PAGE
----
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The trend over the last few years has been clear more and more people are leaning towards Cyber Monday sales than they do towards Black Friday sales. Why? I’m sure not getting trampled to death in an insane Black Friday stampede is up there at the top. But whatever the reasons are the numbers are unmistakable. Adobe predicts that the Cyber Monday sales for 2013 will be over 2 Billion USD ($2.270B) that is half a billion over the projected sales estimations for Black Friday($1.628B).

So what can eCommerce stores learn from their brick and mortar counterparts who’ve been running Black Friday sales for decades now? Neilsen published an article earlier this week on the top mistakes most retailers do on Black Friday. For those of you who haven’t read the article you’ll find it here. Here’s our thoughts on a few of them.

Sticking to traditional categories

Its fairly easy to commit this mistake, after all most eCommerce stores sell products that are restricted to a certain category or vertical. One way to break out of this mould is to offer combo deals. You could offer a logical combination to something that you already sell, say you sell just apparel you could throw in a few shoes as well just to complete someone’s wardrobe. You could also prevent your customers going elsewhere for the same thing.

Leaving a bad first impression and Not having door-buster merchandise in stock

Getting on a site after days of anticipation only to find that Flat Screen TV you were really hoping to get is no longer in stock is an impression shattering bummer. Guaranteeing availability on products for a certain amount of time is a great way to create a good first impression with the shoppers on your eCommerce store. Personalization is also a great way to create a good first impression say a personalized landing page based on search queries.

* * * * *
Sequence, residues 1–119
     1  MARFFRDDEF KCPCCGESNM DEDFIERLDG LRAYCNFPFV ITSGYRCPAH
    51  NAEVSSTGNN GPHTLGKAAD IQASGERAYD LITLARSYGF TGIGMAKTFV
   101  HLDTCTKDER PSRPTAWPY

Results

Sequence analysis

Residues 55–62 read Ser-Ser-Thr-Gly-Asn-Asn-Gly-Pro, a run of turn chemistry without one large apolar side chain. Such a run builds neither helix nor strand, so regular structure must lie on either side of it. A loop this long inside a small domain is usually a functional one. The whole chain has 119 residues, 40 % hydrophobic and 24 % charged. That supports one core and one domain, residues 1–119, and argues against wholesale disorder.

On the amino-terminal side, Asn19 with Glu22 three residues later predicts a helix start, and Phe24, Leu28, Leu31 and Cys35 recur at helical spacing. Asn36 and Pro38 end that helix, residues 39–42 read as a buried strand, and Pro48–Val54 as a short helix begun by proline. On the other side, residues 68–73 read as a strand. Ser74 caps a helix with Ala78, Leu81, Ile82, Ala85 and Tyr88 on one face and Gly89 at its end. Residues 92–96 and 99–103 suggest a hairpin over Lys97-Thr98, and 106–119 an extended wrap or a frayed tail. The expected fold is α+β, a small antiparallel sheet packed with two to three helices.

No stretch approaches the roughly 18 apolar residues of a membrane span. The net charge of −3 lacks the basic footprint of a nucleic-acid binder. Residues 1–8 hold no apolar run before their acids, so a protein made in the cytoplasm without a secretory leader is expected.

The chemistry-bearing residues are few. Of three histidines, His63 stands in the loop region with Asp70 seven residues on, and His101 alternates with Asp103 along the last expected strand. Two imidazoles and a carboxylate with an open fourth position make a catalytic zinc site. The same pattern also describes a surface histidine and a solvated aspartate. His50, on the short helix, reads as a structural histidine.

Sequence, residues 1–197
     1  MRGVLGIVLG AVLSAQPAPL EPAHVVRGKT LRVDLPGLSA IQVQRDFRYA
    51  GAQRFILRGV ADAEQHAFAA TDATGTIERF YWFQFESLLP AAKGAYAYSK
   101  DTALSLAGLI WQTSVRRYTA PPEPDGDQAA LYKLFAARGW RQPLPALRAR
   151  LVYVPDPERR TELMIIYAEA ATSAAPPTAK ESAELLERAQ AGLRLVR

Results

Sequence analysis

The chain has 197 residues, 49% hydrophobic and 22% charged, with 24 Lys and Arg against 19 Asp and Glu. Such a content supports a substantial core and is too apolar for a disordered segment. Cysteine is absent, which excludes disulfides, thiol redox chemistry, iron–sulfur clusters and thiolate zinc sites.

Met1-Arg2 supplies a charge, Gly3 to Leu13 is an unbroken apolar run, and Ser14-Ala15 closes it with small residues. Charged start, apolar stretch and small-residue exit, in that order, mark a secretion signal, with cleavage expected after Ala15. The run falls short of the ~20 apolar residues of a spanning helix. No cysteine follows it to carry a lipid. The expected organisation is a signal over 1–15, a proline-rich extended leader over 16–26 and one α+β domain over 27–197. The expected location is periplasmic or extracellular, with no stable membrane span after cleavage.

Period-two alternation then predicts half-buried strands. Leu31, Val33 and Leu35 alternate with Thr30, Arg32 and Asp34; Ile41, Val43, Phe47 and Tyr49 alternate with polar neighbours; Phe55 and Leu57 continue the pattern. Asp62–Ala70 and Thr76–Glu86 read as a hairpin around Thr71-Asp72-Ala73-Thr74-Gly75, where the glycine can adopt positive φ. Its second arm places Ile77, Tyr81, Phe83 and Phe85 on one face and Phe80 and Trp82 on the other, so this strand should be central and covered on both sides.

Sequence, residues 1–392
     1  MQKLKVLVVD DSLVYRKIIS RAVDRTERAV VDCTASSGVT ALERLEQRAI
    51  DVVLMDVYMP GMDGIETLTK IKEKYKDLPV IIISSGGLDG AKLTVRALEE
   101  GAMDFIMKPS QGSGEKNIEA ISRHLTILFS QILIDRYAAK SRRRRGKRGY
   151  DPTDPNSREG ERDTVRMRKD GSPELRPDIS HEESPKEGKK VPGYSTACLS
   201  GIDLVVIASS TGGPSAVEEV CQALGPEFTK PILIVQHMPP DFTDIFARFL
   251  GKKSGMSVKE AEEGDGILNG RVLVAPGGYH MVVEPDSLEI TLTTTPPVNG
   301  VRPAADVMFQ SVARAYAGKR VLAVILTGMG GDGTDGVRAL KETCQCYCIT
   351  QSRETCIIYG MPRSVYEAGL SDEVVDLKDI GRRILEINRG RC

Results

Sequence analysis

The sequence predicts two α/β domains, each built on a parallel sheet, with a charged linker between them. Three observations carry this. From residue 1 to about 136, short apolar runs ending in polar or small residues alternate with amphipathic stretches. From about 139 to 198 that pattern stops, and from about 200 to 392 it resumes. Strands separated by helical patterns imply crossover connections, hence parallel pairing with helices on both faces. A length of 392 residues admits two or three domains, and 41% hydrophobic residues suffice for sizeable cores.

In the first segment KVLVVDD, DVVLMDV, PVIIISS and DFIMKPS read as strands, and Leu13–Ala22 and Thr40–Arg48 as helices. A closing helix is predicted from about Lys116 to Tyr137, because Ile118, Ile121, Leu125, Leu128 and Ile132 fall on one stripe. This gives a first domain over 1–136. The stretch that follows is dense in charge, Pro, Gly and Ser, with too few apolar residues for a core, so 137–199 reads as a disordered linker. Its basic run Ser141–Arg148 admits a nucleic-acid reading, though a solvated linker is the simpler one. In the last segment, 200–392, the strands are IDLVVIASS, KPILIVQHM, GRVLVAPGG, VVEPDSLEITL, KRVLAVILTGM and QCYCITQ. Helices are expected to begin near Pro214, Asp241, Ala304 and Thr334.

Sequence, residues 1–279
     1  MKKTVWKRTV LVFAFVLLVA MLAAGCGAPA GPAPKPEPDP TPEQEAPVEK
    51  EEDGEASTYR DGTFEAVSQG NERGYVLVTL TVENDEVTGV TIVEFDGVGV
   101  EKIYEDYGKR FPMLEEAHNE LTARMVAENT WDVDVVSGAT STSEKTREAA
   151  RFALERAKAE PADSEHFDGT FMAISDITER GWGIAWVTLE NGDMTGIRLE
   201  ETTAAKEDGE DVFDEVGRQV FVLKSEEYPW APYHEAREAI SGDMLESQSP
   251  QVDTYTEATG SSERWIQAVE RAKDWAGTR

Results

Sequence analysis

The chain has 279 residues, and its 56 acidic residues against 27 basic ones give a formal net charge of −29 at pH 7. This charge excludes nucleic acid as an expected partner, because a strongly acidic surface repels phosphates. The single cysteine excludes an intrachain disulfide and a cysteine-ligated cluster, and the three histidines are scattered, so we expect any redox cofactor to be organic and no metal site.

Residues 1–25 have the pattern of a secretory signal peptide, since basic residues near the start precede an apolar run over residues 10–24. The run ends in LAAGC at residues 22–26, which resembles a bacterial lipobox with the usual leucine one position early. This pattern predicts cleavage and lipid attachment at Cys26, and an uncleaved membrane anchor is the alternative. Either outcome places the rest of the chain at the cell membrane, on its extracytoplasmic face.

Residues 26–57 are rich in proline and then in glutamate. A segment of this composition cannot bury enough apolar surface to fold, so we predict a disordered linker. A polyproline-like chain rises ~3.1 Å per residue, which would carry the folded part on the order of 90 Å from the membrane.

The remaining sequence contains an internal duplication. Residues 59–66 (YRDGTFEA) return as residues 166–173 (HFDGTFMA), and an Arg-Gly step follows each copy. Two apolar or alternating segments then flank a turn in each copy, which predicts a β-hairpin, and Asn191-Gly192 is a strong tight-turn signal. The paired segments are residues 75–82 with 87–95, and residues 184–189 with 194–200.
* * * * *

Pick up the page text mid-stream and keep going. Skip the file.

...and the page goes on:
Missing loyalty opportunities

Cyber monday typically brings about a lot of new customers to most sites and in effect gives you an opportunity at creating a new base of fans, Creating some form of a subscription list with the promise of more deals to come is a great way to get people interested. Creating customized deals for existing loyal customers will not only increase your chances at keeping them happy and buying, it will also give the newer customers something to look forward to.

A perfect example of this is Airline loyalty programs, all the publicized and rumoured benefits of their loyalty programs usually act as an incentive for the existing customer base to stay loyal and also gives the newer customers something to aspire towards .

No sense of urgency

The Neilsen article talks about how customers have very little patience for uninformed associates, understaffed checkouts and the like. This problem gets amplified online, the easy availability of alternatives results in rather low attention span and a slow site, or a page crash right in the middle of a checkout isn’t going to do you any favors.

Not measuring your objectives and Not scouting the competition

Well hey while you are here MineWhat can definitely help you with this :).

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